A Tree Grows in Brooklyn

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Harper & Row, 1947 - Brooklyn (New York, N.Y.) - 430 pages
181 Reviews
The beloved American classic about a young girl's coming-of-age at the turn of the century, Betty Smith's A Tree Grows in Brooklyn is a poignant and moving tale filled with compassion and cruelty, laughter and heartache, crowded with life and people and incident. The story of young, sensitive, and idealistic Francie Nolan and her bittersweet formative years in the slums of Williamsburg has enchanted and inspired millions of readers for more than sixty years. By turns overwhelming, sublime, heartbreaking, and uplifting, the daily experiences of the unforgettable Nolans are raw with honesty and tenderly threaded with family connectedness -- in a work of literary art that brilliantly captures a unique time and place as well as incredibly rich moments of universal experience.

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Wonderful book!

User Review  - abcolor - Overstock.com

A Tree Grows In Brooklyn is a heartwarming story about a family trying to survive in turn of the century Brooklyn. It will touch your heart and should be read by everyone age twelve and up. Read full review

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User Review  - BookConcierge - LibraryThing

5***** and a ❤ This is a classic coming-of-age novel that closely parallels the author’s own childhood in Brooklyn. The novel tells the story of Francie Nolan, her parents, siblings and extended ... Read full review

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About the author (1947)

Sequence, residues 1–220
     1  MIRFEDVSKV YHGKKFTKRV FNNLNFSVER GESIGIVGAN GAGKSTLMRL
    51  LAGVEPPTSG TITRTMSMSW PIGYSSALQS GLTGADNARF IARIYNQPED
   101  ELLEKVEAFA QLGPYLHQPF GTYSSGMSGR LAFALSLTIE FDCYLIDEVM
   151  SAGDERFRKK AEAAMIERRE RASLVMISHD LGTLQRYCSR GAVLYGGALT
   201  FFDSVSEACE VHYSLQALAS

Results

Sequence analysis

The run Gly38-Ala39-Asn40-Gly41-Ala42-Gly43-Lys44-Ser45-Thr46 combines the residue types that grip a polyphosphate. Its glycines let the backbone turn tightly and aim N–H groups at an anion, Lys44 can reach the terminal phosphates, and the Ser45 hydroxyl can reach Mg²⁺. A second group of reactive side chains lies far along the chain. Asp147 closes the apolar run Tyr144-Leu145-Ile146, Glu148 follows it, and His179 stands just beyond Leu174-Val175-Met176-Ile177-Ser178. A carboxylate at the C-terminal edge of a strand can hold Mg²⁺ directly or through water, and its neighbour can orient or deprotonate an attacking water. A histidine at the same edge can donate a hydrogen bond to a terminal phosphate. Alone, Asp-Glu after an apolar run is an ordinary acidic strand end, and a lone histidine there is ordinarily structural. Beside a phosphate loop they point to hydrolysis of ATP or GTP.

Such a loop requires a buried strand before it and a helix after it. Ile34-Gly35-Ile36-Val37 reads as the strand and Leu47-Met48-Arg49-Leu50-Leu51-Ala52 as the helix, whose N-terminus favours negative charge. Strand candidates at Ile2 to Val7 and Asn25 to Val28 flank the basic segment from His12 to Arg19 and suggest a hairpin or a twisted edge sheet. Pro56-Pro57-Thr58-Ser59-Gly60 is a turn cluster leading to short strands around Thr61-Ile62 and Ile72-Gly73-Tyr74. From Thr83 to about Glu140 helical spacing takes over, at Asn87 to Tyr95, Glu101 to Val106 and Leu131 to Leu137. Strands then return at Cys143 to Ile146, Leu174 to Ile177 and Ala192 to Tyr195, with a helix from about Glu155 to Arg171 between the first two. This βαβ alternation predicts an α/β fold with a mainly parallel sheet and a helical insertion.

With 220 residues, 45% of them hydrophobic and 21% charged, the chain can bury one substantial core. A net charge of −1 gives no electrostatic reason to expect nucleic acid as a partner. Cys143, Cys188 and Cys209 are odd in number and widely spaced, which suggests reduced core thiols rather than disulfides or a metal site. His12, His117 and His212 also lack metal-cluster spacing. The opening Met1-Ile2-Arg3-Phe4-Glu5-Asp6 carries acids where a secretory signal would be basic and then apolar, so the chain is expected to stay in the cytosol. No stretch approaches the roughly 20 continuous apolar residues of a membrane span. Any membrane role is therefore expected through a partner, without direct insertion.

Betty Smith, December 15, 1896 - January 17, 1972 Betty Smith was born December 15, 1896, in Brooklyn, New York. She attended grammar school in Brooklyn, completing only the eighth grade. After leaving school at the age of fourteen, she worked in a factory, in retail and clerical jobs in New York City and eventually became a reader and editor for Dramatists Play Service, as well as an actress and playwright for the Federal Theater project and a radio actress. She attended the University of Michigan, from 1927 to 1930, as a special student. While attending the University of Michigan, some of her one-act plays were published, and she also worked as a feature writer for NEA (a newspaper syndicate) and wrote columns for the Detroit Free Press. She went on to Yale University Drama School, from 1930 to 1934. Smith became a member of the faculty of the University of North Carolina, Chapel Hill, from 1945 till 1946. She was a member of the Authors League and the Dramatists Guild. Smith is perhaps best known for her work "A Tree Grows in Brooklyn," which became an overnight success for the first time writer. She won the Avery and Jule Hopwood first prize of $1,000 in 1931; the Rockefeller fellowship in playwriting and Rockefeller Dramatists Guild playwriting fellowship while at Yale and the Sir Walter Raleigh award for fiction in 1958, for "Maggie--Now." Betty Smith died on January 17, 1972.

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